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Environment Agency opens access to flood warning data
The Environment Agency recently unveiled plans for tailored flood warning services to be developed to better prepare utility providers, emergency services, insurers, retail and transport companies for flooding.
From Friday last week, organisations were able obtain licences to use live Environment Agency flood warning data to develop specialised flood warning products and services. The Environment Agency hopes that these will help operators take more effective action to protect crucial assets from potential flooding and maintain essential services.
During the 2007 floods, there was £660m in damage to critical infrastructure and services. Over half of water treatment works and pumping stations and 14 per cent of electricity infrastructure in England is situated in flood risk areas, along with some 4,000 km of roads and 2,500 km of railway.
The Environment Agency recently announced that developers are already using its live flood warning data to develop a huge range of products, including smart phone applications for the public.
"Considerable damage to crucial services"
David Rooke, the Environment Agency’s Acting Director of Flood and Costal Risk Management, said: “The floods of 2007 resulted in considerable damage to crucial services, leaving 350,000 people without water and 42,000 without power.
“We are encouraging operators of critical infrastructure, insurers and software developers to use our new flood warning data feeds, to help better prepare for future floods.”
Following the flooding in 2007, the Pitt Review recommended the Environment Agency should develop a flood warning system more tailored to the needs of infrastructure operators.
For further information or to register interest in accessing the data, contact Environment Agency Commercial Services or call 08708 506 506.
In March 2011, Defra, the Welsh Assembly Government, Cabinet Office and Environment Agency will conduct a national emergency flooding exercise – Exercise Watermark – to test the country’s arrangements to respond to severe, wide-area flooding from the sea, rivers, surface water and reservoirs. Local businesses and communities are being encouraged to take part by signing up.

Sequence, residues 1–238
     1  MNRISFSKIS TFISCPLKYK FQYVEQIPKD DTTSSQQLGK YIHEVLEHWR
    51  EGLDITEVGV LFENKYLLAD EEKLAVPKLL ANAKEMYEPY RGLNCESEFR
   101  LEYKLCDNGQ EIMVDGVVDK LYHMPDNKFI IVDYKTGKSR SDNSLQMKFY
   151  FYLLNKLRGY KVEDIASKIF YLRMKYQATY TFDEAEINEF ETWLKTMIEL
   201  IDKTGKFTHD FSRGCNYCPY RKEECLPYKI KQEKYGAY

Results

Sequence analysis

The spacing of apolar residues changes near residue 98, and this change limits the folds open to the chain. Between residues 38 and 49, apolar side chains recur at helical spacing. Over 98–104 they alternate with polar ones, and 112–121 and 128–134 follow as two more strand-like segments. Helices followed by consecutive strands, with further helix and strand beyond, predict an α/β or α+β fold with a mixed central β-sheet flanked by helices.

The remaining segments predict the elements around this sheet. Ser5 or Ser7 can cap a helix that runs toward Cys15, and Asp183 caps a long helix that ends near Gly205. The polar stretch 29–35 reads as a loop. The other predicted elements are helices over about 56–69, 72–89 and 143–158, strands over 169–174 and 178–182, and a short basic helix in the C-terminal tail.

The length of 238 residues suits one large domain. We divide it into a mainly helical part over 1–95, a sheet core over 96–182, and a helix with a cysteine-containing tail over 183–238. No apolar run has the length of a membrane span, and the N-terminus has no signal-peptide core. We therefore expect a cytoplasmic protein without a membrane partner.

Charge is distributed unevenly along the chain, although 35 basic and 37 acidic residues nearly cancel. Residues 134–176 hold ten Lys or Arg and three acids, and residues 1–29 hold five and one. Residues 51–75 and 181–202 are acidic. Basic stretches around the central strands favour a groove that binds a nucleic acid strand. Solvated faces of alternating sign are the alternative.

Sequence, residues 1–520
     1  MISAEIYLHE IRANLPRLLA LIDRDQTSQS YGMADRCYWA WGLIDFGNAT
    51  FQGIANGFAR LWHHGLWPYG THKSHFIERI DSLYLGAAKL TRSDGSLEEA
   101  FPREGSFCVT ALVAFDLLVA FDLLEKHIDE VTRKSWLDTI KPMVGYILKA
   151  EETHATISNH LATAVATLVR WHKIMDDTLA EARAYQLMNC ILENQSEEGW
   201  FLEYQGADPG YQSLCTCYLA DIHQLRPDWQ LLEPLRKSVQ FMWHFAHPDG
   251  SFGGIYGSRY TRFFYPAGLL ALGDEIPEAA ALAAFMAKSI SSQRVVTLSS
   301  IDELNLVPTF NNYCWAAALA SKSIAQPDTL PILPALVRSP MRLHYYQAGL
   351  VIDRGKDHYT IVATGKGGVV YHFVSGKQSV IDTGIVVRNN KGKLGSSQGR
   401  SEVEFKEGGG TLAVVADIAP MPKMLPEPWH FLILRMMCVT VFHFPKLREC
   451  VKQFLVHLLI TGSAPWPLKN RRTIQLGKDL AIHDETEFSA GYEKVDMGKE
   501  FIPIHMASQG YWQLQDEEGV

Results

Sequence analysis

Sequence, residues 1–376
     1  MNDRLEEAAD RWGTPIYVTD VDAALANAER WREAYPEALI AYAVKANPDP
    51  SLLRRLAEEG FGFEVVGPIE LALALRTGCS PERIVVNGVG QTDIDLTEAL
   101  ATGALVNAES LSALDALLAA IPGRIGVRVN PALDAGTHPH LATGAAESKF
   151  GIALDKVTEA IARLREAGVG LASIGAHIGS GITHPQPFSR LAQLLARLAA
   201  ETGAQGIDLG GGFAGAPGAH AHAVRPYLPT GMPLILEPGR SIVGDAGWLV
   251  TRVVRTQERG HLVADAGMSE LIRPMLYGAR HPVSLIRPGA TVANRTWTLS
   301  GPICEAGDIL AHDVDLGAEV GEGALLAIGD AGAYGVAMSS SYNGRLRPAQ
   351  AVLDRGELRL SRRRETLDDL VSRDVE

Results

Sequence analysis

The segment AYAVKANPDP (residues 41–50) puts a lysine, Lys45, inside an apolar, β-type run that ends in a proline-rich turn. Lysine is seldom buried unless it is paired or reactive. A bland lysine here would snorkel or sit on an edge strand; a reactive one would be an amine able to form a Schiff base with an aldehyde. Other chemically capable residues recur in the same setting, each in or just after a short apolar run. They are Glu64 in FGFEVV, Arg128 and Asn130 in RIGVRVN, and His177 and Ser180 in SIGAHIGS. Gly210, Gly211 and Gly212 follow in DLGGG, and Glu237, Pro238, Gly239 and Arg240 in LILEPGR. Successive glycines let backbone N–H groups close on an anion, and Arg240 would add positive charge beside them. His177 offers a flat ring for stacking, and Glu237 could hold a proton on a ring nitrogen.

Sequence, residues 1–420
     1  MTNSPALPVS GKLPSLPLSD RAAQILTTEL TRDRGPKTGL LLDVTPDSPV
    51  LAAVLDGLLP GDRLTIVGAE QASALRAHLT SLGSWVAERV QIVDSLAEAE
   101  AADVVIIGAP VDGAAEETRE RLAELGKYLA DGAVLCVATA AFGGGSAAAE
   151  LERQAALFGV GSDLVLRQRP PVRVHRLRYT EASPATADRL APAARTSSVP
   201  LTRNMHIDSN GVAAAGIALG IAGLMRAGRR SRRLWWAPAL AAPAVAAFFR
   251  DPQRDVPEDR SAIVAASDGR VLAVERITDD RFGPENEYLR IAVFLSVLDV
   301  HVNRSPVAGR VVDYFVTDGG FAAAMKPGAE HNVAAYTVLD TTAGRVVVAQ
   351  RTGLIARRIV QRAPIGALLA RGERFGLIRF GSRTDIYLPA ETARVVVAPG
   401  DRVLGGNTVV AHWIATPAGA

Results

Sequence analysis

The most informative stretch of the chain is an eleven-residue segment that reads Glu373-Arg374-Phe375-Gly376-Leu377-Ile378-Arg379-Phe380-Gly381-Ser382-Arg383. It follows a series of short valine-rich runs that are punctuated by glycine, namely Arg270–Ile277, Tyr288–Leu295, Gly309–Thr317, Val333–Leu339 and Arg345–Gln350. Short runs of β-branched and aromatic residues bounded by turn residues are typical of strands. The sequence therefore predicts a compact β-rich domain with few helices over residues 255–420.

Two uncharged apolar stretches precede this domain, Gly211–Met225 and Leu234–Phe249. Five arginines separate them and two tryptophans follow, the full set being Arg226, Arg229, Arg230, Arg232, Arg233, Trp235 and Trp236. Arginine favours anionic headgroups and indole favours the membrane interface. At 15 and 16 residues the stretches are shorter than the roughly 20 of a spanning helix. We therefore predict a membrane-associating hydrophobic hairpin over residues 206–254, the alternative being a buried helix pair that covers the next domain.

There are different ways Environment Agency flood warning data can be accessed:
1. Direct access to our data – you can receive our flood warning data directly and use it to develop your own tailored warning service based on your needs and existing systems
2. Work with one of our Value Added Resellers (VARs) – VARs are companies that use our data and develop products for other people or organisations.
3. For designated category 1 and 2 responders under the Civil Contingencies Act (2004), we are currently developing a ‘standard service’ that will be available in Spring 2011.
Costs of the 2007 floods:
A report by the Environment Agency last year found that the 2007 floods cost the UK £3.2 billion, including £660 million in damage to critical national infrastructure and essential services. Water supplies and treatment plants were the most affected, followed by roads and electricity supplies.
Utility companies and their customers incurred most (£330 million) of these costs, including £186 million by water companies and £139 million by electricity and gas suppliers, mainly due to disrupted supplies. A further £230 million worth of damage was caused to communications and transport, including roads.
The flooding of the Mythe water treatment works in Tewkesbury created one of the UK’s worst post-World War II emergencies, leading to the loss of piped water supply to 350,000 customers in 138,194 properties in the Gloucester area for two weeks in July.
Additional impacts of the 2007 floods included:
* 350,000 people were without water for up to 16 days
* 150,000 properties lost electricity of an average of 15 hours
* Seven motorways were shut, including the M5 which left 10,000 vehicles stranded overnight